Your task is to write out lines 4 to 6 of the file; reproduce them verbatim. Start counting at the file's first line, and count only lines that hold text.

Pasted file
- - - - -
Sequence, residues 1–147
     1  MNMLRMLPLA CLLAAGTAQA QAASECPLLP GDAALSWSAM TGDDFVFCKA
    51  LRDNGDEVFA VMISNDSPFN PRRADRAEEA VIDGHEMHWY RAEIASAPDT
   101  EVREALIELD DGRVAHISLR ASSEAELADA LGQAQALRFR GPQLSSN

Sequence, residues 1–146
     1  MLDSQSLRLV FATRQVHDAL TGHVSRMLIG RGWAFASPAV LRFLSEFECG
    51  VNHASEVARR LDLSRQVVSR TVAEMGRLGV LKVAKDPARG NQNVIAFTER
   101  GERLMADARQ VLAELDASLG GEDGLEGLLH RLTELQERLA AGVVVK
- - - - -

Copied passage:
   101  EVREALIELD DGRVAHISLR ASSEAELADA LGQAQALRFR GPQLSSN

Sequence, residues 1–146
     1  MLDSQSLRLV FATRQVHDAL TGHVSRMLIG RGWAFASPAV LRFLSEFECG